That’s exactly what happened to Sam T. Goodner. His software company,repparttar 119530 Austin-based Catapult Systems Corp., ranked 77th amongrepparttar 119531 fastest growing companies in America while Goodner served asrepparttar 119532 founding CEO. At age 33, Goodner decided to step down as CEO of Catapult to take onrepparttar 119533 new challenge of serving as CEO of Inquisite Inc., a Catapult subsidiary that sells software overrepparttar 119534 Internet. But Goodner soon found his new digs to be “harsher, more spartan” than what he was accustomed to. “Half of it is actually under ground,” he explained, describing his much less attractive new office space.

But Goodner was not complaining. After all, it was his own idea to leaverepparttar 119535 comfortable CEO position of Catapult with a staff of 115, to head Inquisite Inc., with only 20 employees. But now something was wrong. To be sure, there were plenty of challenges to attend to. The phone rang for his attention, paper kept fillingrepparttar 119536 “in” box, and email messages steadily came in from employees, venders, and customers. Every day, and every hour, urgent decisions had to be made, so much so that anyone in his shoes could have been overwhelmed byrepparttar 119537 “tyranny ofrepparttar 119538 urgent.”

But increasingly, he felt like he was only reacting to demands and not taking a visionary proactive role any longer. And too often, long hours of work would crowd out what he’d prefer to do in his home and personal life. Even worse, he realized that even if he could experience any gratification in his personal world, it could not make up for what was missing in his business world.

“I had none of my entrepreneurial creativity left,” Goodner reflected. “I was falling back on what was easy. You know that’s happening when you start just going through your email all day long.” Recognizing that his former entrepreneurial spirit was gone, he resigned and hired a new CEO to headrepparttar 119539 company.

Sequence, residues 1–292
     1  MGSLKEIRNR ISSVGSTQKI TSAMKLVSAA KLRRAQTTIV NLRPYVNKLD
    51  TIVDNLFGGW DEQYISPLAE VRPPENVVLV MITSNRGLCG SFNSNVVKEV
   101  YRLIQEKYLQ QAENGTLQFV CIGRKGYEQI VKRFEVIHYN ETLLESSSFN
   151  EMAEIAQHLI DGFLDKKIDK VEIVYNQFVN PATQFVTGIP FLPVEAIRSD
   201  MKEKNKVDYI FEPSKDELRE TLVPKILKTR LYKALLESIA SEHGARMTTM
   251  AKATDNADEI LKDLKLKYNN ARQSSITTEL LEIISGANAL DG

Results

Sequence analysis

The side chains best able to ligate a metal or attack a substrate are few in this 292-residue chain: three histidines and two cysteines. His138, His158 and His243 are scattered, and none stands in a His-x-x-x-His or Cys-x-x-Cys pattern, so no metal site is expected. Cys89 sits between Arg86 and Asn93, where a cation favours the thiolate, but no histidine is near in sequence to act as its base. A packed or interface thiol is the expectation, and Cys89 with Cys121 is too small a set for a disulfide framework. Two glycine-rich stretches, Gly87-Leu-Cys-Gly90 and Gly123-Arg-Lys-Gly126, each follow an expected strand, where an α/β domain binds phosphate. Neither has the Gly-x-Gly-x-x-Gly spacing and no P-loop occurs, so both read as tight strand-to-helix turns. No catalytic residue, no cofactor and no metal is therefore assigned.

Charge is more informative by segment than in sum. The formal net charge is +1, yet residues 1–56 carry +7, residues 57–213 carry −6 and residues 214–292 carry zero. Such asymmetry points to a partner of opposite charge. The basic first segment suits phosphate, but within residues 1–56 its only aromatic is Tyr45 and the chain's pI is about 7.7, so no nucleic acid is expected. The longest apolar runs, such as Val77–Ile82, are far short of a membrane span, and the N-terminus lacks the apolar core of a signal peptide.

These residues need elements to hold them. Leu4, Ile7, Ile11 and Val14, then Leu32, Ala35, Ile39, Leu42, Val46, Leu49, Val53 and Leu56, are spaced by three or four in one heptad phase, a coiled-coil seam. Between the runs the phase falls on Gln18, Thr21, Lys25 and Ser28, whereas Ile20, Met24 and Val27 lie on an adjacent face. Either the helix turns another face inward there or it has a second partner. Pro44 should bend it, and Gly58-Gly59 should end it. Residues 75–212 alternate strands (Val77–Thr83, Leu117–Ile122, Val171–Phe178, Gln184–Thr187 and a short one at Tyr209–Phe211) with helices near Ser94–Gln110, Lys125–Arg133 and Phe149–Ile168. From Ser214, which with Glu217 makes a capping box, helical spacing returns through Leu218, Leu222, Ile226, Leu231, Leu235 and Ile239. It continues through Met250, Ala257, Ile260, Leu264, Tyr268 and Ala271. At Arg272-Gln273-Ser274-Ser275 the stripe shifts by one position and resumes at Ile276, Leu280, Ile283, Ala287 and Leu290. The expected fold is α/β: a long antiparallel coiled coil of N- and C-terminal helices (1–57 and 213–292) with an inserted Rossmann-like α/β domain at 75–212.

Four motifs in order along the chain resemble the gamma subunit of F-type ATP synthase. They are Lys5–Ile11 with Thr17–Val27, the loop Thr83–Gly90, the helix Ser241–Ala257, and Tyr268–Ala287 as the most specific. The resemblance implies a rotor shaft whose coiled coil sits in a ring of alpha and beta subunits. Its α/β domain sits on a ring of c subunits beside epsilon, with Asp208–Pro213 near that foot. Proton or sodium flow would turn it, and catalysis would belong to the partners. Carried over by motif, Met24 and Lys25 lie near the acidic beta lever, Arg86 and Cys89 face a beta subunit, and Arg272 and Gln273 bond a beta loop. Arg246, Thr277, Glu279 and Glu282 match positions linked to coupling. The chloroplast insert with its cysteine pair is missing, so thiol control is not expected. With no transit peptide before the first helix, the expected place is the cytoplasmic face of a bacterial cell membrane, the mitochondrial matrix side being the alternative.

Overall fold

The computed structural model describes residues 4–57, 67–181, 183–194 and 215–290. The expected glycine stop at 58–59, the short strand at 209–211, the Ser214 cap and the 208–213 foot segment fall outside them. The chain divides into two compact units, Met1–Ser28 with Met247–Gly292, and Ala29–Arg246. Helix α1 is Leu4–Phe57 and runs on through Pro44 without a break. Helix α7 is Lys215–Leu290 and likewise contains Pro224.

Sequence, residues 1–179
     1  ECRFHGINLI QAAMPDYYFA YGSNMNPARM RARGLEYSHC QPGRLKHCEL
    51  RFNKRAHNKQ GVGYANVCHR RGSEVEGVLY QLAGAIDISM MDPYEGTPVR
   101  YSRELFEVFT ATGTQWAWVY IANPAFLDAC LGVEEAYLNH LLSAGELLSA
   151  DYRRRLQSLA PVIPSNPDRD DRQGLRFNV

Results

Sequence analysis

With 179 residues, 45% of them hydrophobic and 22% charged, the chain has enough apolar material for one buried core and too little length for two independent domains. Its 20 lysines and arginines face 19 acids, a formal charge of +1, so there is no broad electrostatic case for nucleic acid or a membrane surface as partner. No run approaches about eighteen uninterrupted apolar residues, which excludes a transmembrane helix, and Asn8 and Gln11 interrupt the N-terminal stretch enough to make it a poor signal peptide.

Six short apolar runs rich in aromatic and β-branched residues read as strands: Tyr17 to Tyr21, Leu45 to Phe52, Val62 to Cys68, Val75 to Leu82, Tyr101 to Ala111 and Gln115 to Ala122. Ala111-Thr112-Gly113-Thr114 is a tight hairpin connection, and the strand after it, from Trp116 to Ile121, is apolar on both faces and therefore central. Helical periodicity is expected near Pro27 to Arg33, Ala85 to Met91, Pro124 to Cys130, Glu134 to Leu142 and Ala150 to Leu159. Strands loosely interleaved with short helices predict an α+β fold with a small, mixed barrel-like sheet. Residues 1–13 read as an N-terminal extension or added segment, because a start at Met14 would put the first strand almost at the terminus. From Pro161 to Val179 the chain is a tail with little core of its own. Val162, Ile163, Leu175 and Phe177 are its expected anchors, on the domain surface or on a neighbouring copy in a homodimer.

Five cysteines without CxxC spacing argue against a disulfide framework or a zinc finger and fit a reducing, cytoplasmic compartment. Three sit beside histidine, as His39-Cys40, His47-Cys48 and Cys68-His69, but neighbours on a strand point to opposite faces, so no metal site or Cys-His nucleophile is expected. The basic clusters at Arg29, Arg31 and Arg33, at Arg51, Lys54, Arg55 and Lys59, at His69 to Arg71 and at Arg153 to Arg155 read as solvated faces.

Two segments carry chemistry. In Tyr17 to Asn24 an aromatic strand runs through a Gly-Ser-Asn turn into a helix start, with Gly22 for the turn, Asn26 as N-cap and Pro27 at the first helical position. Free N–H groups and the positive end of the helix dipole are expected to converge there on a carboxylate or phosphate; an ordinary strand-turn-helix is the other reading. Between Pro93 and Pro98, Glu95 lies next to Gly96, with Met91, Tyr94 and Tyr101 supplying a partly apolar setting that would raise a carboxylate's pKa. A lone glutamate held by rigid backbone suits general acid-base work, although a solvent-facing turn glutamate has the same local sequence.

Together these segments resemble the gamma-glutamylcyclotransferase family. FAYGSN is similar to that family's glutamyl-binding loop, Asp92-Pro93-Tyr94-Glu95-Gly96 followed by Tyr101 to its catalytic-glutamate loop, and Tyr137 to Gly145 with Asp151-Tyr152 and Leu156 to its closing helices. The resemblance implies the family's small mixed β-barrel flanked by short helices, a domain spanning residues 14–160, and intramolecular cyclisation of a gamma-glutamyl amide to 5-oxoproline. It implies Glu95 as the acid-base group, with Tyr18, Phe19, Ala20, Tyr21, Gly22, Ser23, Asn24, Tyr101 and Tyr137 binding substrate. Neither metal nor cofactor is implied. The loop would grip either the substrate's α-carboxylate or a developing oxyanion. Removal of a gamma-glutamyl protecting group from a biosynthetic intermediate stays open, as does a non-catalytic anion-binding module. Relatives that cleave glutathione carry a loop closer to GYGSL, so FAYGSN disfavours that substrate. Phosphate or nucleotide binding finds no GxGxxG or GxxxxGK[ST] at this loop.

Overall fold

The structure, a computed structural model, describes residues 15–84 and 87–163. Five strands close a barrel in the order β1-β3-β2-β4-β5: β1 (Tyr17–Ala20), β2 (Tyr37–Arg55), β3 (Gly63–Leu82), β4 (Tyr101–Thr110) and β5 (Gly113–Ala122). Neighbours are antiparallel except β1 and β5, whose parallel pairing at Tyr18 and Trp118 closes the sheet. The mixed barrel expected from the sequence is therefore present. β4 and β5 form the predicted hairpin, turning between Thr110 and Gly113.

Perhaps Goodner had already achieved financial independence and had other worthy goals to pursue in life. In that case, relinquishing his CEO position could berepparttar 119540 best decision to make. But could there have been another way to recover his entrepreneurial spirit with a healthy balance of attention to work, family, and friends?

Entrepreneurial functioning can range fromrepparttar 119541 low level, “You are personally over worked and over challenged”—torepparttar 119542 most desirable level, “You regularly implement action plans to improve every aspect of your life.”

The lowest level of functioning leaves your company endangered. Top management is personally over worked and over challenged. The unrelenting urgent matters of your business seem to demand so much of your time that you go to work earlier and earlier, and stay later and later intorepparttar 119543 evening. You are like a runaway tire, rolling down a steep hill, turning faster and faster and faster until finally, you run out of control and then crash. “There must be a better way.” And you are right! There is.

“Overrepparttar 119544 past three years, I’ve been able to identify gradually what things I can give to my CPA, or to my bookkeeper, or to my office manager. I read about people who work 60 or 90 hours a week and build multimillion-dollar businesses atrepparttar 119545 expense of their health and family. Those aren’t success stories in my book. Success is having a multimillion-dollar business andrepparttar 119546 other stuff, too,” says 40-year-old Tom Melaragno, founder ofrepparttar 119547 $7.6-million Compri Consulting, an IT consulting and staffing firm founded in 1992. Although he put in 12-hour days when he startedrepparttar 119548 business, today he works just 8 or 9 hours and makes sure he’s there to watch his two sons’ Little League baseball games inrepparttar 119549 summer and coachrepparttar 119550 older one’s football team inrepparttar 119551 fall.

Taking a proactive stance means you take control to invest your life wisely. Scott Tinley is an extraordinary triathlete who has competed in more than 350 triathlons including 19 Hawaii Ironman triathlons. The triathlon is an endurance sport involving swimming, bicycling, and running. Amazingly, Tinley has won nearly 100 races. “This sport is about a combination of personal challenge, camaraderie, and achievement of self-knowledge,” Tinley explains.